How Australian business views the sharing economy

The sharing economy is growing at a rapid rate, as new business models based on ‘access to’ rather than ‘ownership of’ physical and human assets like skills, time and space, continue to emerge.

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Australia’s “Sharing Economy” is averaging growth of 140% per year

The sharing economy is growing at a rapid rate, as new business models based on ‘access to’ rather than ‘ownership of’ physical and human assets like skills, time and space, continue to emerge.

While the most prominent sharing services are based around accommodation, transport & cars, the sharing economy is growing across a range of goods and services – everything from clothing exchanges to private driveways for car parking.

NAB estimates (based on the turnover of a sample of larger operators in Australia) that the sharing economy is currently growing at around 140% per year.

Today NAB launches a report which looks at how Australian firms – both small and large – perceive the impact of the sharing economy on their business.

Around 1 in 10 Australian firms economy wide already believe the sharing economy had an impact on their business over the past 12 months – 6% positively and 4% negatively.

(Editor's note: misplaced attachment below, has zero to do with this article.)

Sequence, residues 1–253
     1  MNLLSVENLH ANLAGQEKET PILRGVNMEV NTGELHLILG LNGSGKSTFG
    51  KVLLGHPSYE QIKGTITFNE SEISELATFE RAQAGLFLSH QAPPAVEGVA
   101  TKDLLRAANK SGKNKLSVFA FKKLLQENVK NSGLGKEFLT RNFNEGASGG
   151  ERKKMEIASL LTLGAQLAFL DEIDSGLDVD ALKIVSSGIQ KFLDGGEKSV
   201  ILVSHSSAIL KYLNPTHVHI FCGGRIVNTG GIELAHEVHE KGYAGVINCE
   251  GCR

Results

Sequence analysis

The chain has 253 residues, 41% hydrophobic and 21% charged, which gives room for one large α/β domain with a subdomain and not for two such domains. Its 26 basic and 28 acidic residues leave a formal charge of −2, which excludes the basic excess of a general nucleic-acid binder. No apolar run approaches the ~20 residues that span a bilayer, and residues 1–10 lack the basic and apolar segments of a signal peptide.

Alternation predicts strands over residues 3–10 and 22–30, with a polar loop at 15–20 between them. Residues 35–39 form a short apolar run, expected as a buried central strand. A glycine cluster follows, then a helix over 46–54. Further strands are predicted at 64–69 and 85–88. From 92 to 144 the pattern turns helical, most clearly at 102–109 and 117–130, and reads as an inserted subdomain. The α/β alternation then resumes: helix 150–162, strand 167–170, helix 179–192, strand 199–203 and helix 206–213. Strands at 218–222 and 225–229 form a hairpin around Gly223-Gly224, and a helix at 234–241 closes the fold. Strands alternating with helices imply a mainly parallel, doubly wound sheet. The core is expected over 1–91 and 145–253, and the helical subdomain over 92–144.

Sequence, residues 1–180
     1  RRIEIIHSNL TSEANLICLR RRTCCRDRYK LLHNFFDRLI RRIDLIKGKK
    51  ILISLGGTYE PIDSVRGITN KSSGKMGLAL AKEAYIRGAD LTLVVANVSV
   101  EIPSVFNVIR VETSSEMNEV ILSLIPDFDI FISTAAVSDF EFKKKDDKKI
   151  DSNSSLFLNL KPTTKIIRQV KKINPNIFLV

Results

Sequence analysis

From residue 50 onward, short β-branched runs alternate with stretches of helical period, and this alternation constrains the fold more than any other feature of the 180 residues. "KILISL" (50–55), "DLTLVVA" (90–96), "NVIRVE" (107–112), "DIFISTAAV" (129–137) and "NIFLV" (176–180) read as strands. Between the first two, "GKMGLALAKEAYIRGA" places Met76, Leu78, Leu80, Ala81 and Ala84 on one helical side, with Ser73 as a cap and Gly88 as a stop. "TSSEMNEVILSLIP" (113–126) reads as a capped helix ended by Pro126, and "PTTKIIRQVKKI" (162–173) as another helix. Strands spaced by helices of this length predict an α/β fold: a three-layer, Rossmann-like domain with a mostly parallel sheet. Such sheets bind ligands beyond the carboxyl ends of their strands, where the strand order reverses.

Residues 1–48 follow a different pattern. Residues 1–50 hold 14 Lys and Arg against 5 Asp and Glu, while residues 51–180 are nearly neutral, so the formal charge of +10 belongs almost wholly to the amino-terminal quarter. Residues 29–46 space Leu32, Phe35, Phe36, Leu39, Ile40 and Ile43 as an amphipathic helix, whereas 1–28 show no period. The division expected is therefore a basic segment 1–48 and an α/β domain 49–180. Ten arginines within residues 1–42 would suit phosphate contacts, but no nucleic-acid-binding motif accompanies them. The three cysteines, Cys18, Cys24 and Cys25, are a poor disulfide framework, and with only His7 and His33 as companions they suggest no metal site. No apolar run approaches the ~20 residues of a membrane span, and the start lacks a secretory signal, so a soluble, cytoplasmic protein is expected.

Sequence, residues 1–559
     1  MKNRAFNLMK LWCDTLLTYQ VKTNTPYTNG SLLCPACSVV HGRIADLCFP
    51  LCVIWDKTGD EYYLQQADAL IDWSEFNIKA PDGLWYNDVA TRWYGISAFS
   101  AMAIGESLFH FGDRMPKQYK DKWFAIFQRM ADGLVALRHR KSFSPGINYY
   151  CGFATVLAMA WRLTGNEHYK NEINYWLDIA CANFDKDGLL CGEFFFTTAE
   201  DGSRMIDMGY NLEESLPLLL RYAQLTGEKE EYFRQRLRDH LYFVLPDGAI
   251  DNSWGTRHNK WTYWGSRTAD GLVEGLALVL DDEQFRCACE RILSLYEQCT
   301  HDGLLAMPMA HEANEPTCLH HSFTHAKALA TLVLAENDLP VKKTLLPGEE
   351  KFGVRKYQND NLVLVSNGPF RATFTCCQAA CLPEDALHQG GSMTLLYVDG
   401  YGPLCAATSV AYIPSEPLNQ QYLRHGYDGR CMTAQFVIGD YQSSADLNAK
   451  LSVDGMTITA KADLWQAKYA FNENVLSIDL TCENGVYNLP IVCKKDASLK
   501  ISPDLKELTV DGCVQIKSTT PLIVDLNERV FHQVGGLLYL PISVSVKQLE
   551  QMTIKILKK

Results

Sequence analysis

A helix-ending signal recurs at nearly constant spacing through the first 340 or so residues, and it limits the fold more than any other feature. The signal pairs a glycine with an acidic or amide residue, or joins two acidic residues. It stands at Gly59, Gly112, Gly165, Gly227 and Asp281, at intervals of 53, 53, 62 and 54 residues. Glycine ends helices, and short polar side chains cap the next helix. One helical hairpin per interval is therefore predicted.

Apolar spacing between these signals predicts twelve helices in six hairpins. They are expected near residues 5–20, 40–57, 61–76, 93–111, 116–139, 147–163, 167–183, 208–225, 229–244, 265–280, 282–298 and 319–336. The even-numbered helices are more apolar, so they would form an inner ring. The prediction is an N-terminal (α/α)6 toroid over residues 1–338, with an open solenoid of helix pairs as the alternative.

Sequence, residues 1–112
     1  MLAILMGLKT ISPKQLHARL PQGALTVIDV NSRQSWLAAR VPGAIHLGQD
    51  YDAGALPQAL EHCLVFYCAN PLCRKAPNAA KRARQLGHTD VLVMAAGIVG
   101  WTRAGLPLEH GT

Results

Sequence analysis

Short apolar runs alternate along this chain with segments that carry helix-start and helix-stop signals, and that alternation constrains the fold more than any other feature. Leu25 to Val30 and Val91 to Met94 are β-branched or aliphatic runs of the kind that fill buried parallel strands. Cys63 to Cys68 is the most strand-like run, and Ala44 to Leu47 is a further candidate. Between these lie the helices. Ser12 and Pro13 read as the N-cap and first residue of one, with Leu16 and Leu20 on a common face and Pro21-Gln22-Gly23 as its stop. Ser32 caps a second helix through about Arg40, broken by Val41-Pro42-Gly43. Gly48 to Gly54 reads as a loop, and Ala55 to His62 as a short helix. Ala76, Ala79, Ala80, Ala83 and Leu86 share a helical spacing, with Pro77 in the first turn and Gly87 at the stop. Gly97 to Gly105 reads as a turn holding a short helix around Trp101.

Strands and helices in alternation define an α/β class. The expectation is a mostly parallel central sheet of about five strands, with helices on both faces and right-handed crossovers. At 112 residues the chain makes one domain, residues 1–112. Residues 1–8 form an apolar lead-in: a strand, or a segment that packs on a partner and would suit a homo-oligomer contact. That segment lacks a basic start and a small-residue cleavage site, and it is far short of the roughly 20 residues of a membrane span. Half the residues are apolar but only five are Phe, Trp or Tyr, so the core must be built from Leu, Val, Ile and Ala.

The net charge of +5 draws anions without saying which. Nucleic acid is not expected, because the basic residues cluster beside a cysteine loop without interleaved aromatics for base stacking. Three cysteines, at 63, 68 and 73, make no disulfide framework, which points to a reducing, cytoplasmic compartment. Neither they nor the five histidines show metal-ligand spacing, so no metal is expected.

According to NAB Chief Economist Alan Oster, “interestingly, the impact of the sharing economy overall has been greatest for very large ASX300 firms, and this impact has been overwhelmingly positive”.

Around 14% of ASX300 firms believe that the sharing economy has impacted their business in the last 12 months – 12% positively and only 2% negatively. By comparison, only 6% of SMEs and firms economy-wide identify a positive impact.

“Clearly, big business is taking the sharing economy very seriously”, said Mr Oster.

While the sharing economy is not, new advances in technology has been a key enabler driving growth. As a result, some existing business models have been disrupted, but for others it has provided a cost effective platform to compete – often against much better resourced businesses.

While very large firms are most positive overall about the impact of the sharing economy, small firms in the Business Services industry are the most confident going forward over the next 12 months.

“Around 1 in 5 small firms in business services view the sharing economy as a positive for their business”, said Mr Oster.

Many businesses are still unsure, with a significant number of small firms in health services unclear as to what the impact will be for their business.

“As the sharing economy matures, it will most likely become a complement to existing business models rather than simply a competitive threat”, said Mr Oster.

“This should see the sharing economy become increasingly important for a range of business, helping to drive its growth and reach further”.

For more details, please refer to the attached document.

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